"Whenever you go into a shift work situation and talk to shift workers, there are some people who can cope, but also some people living miserable lives because of the shift work," said Timothy H. Monk, director of human chronobiology research at the Western Psychiatric Institute in Pittsburgh, Pa.
Shift work can wreck family life and friendships, researchers add.
"Their friends are going to stop calling them, because every time they call, they're either sleeping or working," Klein said. "Their kids are disappointed all the time. Their spouses get upset because they're not helping with the kids or mowing the lawn or taking care of the house."
Employers suffer, too. Studies by the U.S. Bureau of Mines, for instance, show shift workers have more frequent and more severe industrial accidents. Most single-vehicle trucking accidents occur in the early morning hours, as well, though investigators cannot always make a decisive link between fatigue and a mishap.
"With metal fatigue, you can go out and look at the pieces of fractured metal," explained John K. Lauber, a member of the National Transportation Safety Board, which investigates air, highway and railroad accidents. "Human fatigue doesn't act that way. You have to infer it."
What is clear is that employees who work nights or rotate between day and night shifts do not, on the whole, do their jobs as well as day workers. A 20-year study of Scandinavian petroleum plant workers, for example, found that meter-reading errors peaked on the night shift. Absenteeism, turnover and health-care costs all are higher, too, for shift workers.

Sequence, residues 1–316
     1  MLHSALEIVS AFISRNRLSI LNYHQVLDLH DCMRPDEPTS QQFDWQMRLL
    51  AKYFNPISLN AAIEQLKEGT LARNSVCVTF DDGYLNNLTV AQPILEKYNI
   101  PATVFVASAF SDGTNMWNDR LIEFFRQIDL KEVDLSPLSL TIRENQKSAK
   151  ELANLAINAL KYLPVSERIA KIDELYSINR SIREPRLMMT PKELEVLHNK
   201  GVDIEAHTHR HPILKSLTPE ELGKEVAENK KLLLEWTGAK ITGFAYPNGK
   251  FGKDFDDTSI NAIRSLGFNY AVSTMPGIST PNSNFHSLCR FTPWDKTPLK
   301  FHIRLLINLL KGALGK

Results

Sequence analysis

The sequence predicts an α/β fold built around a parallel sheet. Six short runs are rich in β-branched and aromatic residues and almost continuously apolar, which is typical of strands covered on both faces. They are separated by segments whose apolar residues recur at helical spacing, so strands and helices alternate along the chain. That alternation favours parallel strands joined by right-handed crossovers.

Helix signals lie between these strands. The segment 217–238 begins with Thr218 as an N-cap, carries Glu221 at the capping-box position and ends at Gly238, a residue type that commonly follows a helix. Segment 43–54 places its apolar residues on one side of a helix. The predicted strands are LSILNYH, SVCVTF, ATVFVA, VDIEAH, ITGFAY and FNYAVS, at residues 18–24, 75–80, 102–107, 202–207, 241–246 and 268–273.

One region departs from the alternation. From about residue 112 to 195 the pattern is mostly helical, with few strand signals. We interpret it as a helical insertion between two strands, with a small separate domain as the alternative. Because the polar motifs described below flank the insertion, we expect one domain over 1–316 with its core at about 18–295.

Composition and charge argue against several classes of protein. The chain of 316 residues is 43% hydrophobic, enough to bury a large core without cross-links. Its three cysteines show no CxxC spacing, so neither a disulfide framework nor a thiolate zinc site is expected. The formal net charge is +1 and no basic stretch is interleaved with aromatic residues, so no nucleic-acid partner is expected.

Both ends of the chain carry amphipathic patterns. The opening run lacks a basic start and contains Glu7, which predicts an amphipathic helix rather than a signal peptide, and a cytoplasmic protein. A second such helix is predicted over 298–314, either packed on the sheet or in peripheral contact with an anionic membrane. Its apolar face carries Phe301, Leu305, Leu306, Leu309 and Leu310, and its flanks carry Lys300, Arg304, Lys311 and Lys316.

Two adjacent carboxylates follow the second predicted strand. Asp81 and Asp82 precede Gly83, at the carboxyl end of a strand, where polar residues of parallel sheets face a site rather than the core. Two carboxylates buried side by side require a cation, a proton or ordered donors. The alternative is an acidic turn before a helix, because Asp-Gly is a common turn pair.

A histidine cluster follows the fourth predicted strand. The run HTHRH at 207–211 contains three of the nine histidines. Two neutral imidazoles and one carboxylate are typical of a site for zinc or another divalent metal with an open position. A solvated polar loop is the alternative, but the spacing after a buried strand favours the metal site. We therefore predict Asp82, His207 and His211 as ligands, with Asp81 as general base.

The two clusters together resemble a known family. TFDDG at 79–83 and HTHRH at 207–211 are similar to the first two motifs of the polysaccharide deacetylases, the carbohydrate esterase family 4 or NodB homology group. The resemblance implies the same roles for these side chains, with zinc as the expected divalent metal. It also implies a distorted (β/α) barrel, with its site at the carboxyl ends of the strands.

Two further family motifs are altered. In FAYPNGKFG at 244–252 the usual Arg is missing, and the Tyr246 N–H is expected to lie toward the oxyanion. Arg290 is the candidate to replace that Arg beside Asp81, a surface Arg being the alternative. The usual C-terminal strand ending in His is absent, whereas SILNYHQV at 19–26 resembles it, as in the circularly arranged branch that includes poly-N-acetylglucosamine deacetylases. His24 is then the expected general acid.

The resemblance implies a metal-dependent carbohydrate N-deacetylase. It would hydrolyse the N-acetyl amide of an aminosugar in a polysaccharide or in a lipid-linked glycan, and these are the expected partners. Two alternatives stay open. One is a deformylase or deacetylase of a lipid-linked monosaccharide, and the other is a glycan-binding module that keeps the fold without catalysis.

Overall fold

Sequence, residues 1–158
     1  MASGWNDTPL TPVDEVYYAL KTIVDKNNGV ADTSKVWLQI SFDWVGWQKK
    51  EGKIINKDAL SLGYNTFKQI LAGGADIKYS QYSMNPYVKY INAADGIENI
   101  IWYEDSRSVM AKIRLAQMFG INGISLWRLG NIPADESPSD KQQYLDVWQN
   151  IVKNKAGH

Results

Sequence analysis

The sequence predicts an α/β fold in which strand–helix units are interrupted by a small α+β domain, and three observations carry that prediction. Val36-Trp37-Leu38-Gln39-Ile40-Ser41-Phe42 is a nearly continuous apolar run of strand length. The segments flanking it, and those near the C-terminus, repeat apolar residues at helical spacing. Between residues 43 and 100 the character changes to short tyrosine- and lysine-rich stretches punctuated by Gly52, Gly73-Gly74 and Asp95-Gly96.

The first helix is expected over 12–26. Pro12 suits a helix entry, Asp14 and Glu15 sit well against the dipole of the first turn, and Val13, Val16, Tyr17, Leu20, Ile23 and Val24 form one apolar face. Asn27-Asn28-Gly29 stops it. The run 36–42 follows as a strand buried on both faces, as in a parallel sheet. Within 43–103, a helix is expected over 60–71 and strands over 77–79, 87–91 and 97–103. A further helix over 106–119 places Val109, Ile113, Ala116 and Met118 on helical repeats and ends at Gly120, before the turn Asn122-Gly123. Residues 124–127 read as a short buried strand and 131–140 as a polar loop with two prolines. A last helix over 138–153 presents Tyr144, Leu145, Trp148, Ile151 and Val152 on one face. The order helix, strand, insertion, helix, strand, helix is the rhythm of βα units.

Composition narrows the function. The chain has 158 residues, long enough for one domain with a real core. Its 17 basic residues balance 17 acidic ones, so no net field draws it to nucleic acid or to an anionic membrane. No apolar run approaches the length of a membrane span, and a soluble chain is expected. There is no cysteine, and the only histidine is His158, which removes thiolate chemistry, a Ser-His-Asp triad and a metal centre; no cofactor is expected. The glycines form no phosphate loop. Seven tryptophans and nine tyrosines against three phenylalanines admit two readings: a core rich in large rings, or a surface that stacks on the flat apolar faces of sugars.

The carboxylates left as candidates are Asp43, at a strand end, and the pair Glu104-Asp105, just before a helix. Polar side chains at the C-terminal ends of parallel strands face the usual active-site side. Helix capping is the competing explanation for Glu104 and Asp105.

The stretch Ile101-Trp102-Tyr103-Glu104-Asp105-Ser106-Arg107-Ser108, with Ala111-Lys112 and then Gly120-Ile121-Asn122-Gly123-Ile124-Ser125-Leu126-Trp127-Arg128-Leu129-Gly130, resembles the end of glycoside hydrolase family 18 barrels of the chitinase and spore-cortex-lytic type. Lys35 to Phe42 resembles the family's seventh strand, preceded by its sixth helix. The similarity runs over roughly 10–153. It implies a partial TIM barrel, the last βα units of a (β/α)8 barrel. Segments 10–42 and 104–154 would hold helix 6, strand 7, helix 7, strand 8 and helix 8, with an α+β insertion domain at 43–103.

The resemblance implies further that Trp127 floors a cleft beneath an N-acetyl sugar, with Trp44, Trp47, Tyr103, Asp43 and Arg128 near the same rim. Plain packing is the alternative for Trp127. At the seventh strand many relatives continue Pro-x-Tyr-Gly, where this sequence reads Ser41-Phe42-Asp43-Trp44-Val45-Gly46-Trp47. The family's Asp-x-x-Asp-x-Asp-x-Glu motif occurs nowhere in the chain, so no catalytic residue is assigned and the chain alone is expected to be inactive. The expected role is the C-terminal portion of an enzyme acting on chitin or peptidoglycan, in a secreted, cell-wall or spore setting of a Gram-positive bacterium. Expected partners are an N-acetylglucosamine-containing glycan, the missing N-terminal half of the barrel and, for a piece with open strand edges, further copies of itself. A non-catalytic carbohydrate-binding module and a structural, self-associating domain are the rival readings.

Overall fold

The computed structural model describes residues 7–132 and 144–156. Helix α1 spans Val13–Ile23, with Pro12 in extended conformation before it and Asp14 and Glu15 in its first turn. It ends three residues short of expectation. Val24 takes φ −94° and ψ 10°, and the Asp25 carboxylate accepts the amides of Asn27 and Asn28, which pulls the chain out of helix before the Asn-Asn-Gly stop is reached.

And with employees fleeing shift work whenever possible, businesses often must struggle to adequately staff their graveyard crews - a problem that has reached crisis dimensions in at least one field, nursing.
"There is no nursing shortage," Klein said. "What there is is a shortage of nurses willing to live a nurse's lifestyle, which depends upon them working these schedules." Hospitals have had to pay substantial premiums and offer highly flexible work hours to fill the gaps.
For the most part, though, it has taken the shock of disaster to sever employers' hidebound ties to old-fashioned shift work arrangements.
Experts say the near-catastrophe at the Three Mile Island nuclear plant in Pennsylvania - attributed largely to human errors between 4 a.m. and 6 a.m. one morning in March 1979 - began the process of focusing the business world's attention on the risks associated with shift work.
Subsequent nuclear industry crises - the April 1986 Chernobyl meltdown, which began at 1:23 a.m., and the closure of Pennsylvania's Peach Bottom nuclear plant last year after investigators found that night-shift operators were falling asleep in the control room - only reinforced the message.
"You could potentially cripple a whole industry simply by human error," Monk said. "The negative payoff can be so large that it pays to spend a few hundred thousand dollars looking at shift work's effects."
Not surprisingly, the nuclear industry itself has been among the most aggressive the last few years in exploring ways to improve shift workers' performance.
Philadelphia Electric Co., which operates Peach Bottom, paid a record $1.25 million fine and has spent millions more in a massive overhaul of plant systems designed to win Nuclear Regulatory Commission permission to restart the power station early next year.
Many of the changes aim to increase shift workers' alertness, according to Bill Jones, a spokesman for the utility. Control room operators' cozy high-back chairs have been replaced with a less comfortable model, and lighting levels have been brightened.
On the advice of top shift work researchers, control room workers' schedules were revised, Jones added. Instead of rotating backward, from night shift to evening shift to day shift, workers' schedules now rotate forward.